The spiritual center for the Catholics of Sikatuna Village is the Parish of The Lord of Divine Mercy, on Madasalin Street. Madalasin means to be “prayerful,” which is apt to be the location of the church. The Sikatuna Village was part of the government’s 1950s Homesite program Project 2, to house government employees and families that were displaced by the damage of World War II’s 1945 Battle of Manila and its ensuing reconstruction. Established in 1957, the Sikatuna Village residents first attended masses at the Parish of the Holy Sacrifice (est. 1955) 4 kilometers away at the University of the Philippines, or the Saint Joseph Parish (est. 1952) 1.3 kilometers away along Marikina-Ermita Avenue (now the Aurora Boulevard).
By the late 1960s, the residents of Sikatuna Village were attending masses at the chapel of the Claret School for Boys, when the Claretian Missionaries established the school in 1967. Located 1.8 kilometers away at the adjoining Teachers Village, the Claret chapel would become the Immaculate Heart of Mary Parish (IHMP), but the new parish could not properly accommodate the constantly growing neighboring populations. So in 1980, the Sikatuna Ladies Association raised funds to erect a small chapel in the area, and was served by priests from the IHMP.
In 1991 the church was completed, and declared as the Parish of The Lord of Divine Mercy in 1993, dedicated the Divine Mercy (Polish: Miłosierdzie Boże) imaged, which is based on a vision of Saint Faustina in 1931. The image is that of Jesus Christ blessing the viewer with his right hand; while his left hand is exposing the wound, where a Roman centurion pierced his side (John 19:31–37), and rays of light are emanating from the wound. The red light represents the Blood of Jesus, while the lighter rays symbolize the water of justice. The first known image of the Divine Mercy was painted by the Polish painter Eugeniusz Marcin Kazimirowski (1873-1939) on June 1934, as he followed the descriptions of Saint Faustina. The most recognized image of the Divine Mercy was painted by the Polish artist Adolf Hyła (1897-1965), which includes the line: Jesus I trust in You” (Polish: Jezu ufam Tobie). The last noted image of the Divine Mercy was by the American painter Divine Mercy by Robert Oliver Skemp (1910-1984) in 1982.
At the right transept of the Parish of The Lord of Divine Mercy is a relic of Saint Maria Faustyna (Faustina) Kowalska of the Blessed Sacrament (born Helena Kowalska; 1905–1938), a Polish nun who is regarded as the “Apostle of Divine Mercy” by the Catholic Church. While in the City of Płock, a vision of Jesus appeared to the nun, and dictated that the image of the Divine Mercy be created, with a promise of those who venerated the image will not perish.
The Sikatuna Village Association first approached a resident, Arch. Orlando M. Mateo of MANA Architecture + Interior Design, who was then working on several projects for National Artist for Architecture Leandro Valencia Locsin (1928-1994), the designer of the Immaculate Heart of Mary Parish. So they approached another neighbor, and University of Santo Tomas graduate, Arch. Benjamin P. San Pedro of Filworks Konstruction & Development, and his partner Arch. Fe Romero. However, as the construction went into full swing, Arch. Mateo joined the supervising team, to see its completion in 1991 as the Sikatuna Village chapel. Three years after the establishment of the chapel as the Parish of The Lord of Divine Mercy, the Bahay Magmamahal (House of Love) multi-purpose hall was completed in 1996.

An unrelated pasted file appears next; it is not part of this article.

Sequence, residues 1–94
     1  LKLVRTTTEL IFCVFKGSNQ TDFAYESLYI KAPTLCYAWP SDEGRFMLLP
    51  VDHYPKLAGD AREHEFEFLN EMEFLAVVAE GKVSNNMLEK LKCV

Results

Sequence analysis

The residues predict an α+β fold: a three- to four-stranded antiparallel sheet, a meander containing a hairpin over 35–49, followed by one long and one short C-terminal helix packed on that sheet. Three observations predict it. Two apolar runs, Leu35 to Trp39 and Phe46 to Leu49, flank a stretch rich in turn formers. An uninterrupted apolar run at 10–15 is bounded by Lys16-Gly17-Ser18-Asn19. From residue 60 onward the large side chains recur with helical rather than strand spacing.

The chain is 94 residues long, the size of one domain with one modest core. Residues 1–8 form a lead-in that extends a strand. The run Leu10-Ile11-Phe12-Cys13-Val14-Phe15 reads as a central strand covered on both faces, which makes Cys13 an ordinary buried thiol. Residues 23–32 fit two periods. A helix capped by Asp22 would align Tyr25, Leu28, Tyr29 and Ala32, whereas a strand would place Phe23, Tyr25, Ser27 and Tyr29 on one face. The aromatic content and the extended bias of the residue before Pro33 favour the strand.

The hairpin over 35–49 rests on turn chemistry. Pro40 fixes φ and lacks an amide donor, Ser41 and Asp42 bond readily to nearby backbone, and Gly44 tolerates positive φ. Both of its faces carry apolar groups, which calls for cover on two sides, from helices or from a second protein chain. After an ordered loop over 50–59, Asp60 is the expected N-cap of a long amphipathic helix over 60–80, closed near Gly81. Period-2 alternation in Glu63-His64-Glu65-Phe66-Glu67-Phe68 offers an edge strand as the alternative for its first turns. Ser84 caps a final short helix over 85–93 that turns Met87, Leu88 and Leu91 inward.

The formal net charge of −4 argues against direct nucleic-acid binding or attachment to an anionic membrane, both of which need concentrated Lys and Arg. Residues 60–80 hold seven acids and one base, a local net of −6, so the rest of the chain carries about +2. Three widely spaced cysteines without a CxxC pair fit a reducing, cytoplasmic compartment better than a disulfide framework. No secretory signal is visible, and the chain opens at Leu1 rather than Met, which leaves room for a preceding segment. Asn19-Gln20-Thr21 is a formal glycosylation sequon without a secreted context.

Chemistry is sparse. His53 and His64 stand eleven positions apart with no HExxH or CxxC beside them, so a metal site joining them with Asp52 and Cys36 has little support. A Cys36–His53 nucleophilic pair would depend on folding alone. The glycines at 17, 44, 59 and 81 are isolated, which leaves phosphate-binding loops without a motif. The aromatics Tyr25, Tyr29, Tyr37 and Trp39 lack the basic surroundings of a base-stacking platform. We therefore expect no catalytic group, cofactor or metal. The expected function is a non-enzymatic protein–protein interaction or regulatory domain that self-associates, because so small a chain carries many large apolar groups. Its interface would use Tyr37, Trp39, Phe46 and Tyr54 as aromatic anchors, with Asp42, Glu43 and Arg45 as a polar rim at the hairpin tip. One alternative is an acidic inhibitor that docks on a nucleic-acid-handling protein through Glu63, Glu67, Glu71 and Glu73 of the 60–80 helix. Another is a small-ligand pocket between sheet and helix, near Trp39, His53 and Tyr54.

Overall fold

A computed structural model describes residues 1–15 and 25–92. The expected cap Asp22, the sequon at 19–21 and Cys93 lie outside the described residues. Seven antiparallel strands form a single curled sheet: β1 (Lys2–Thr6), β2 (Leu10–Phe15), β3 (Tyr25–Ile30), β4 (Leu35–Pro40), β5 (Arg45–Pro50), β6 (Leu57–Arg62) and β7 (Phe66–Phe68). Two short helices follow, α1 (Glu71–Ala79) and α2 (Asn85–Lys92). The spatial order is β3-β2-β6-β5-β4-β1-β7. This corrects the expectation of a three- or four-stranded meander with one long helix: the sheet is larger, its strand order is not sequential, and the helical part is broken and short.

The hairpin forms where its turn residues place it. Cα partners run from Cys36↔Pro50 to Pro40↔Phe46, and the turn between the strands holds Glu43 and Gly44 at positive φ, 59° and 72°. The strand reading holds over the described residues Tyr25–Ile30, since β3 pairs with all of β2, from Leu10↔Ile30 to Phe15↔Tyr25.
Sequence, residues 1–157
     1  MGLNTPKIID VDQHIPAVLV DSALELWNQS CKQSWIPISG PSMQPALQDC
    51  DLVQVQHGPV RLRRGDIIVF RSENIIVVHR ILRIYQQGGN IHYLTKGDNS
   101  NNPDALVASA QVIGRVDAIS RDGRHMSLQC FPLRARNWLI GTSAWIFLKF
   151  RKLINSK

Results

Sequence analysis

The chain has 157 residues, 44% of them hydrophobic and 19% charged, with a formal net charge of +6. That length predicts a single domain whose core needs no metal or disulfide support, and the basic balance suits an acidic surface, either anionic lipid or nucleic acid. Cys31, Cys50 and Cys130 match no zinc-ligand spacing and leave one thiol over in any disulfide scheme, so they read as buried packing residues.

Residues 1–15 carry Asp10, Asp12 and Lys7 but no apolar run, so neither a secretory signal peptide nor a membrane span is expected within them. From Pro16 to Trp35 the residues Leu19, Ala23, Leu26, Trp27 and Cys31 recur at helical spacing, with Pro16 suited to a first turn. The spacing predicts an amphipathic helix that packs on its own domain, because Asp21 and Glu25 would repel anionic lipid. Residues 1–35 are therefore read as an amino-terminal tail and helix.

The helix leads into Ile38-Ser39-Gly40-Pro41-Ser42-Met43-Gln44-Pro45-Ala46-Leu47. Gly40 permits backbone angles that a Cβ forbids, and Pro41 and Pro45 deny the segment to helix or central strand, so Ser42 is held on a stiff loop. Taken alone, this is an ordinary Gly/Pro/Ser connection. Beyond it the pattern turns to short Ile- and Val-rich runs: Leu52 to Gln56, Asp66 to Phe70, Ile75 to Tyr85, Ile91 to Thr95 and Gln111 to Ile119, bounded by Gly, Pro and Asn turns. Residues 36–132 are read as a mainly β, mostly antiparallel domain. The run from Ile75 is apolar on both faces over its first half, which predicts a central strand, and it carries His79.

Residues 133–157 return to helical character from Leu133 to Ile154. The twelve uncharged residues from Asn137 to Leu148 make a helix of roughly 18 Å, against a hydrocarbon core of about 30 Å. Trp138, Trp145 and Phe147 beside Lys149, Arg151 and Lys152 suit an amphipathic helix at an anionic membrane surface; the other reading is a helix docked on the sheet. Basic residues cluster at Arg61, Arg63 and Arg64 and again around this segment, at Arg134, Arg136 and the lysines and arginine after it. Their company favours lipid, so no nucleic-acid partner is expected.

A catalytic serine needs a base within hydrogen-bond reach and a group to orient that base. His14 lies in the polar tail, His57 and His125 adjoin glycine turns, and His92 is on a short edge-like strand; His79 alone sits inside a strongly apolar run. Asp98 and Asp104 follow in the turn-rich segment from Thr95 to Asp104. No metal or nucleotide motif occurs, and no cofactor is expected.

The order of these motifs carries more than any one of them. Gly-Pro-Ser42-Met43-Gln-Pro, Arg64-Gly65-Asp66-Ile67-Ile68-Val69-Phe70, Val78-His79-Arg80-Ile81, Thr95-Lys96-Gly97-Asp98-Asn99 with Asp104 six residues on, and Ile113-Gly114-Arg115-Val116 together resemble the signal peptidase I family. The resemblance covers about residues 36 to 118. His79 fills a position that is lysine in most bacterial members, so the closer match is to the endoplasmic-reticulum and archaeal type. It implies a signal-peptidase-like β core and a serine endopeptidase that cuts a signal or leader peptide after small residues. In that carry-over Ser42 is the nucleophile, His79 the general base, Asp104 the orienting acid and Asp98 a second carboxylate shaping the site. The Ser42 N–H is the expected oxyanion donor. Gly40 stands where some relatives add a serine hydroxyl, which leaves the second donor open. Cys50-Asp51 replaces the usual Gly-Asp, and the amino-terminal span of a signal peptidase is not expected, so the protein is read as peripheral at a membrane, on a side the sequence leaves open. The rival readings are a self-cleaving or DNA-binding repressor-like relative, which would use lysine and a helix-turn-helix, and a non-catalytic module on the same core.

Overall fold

The Parish of The Lord of Divine Mercy is an odd combination of the Mission Style architecture, with Brutalist elements. However, the retablo (altarpiece) is a cross between Baroque and modern styles. The center panel of the retablo is an enlarger reproduction of Adolf Hyła’s version of the Divine Mercy, painted by a local Filipino artist. The left retablo is an image of the Blessed Virgin Mary, while the right retablo is an image of Saint Joseph; completing the Sagrada Familia (Holy Family).
The same clean geometric lines, with minimal Baroque ornamentation, can be seen on the lectern, altar table, Our Lady of Remedies altar in the left transept, and the 2015-2016 Jubilee Door.
Another interesting feature of the Parish of The Lord of Divine Mercy is the 14 Stations of the Cross. Instead of showing scenes of the passion and death of Jesus Christ (Matthew 24: 11-61, Mark 15: 1-47, Luke 23: 13-56, and John 19: 1-42), what is depicted are just the hands of Jesus Christ during those events.
The devotion to the Divine Mercy is very popular in the Philippines, as many churches dedicated to the vision of Saint Faustina are built throughout the archipelago. With the promise of salvation, such as devotion has led to the construction and establishment of parishes and shrines since the 1990s; such as the 1991 Sanctuary of Divine Mercy in Davao City, the 1992 National Shrine and Parish of the Divine Mercy Philippines in Bulacan, the 1994 Divine Mercy Parish and 2001 Divine Mercy Chapel in Pampanga, the 1995 Archdiocesan Shrine of the Divine Mercy in Mandaluyong City, the 2004 Church of Divine Mercy in Laoag City, the 2008 Divine Mercy Parish in Negros Oriental, the 2008 Divine Mercy Shrine in Misamis Oriental, the Divine Mercy Church in Cavite, and the Divine Mercy Shrine in Tarlac City.
Despite the desire for eternal salvation, the Parish of The Lord of Divine Mercy’s simplicity gives visitors a quite respite from the traffic and hubhub of the streets.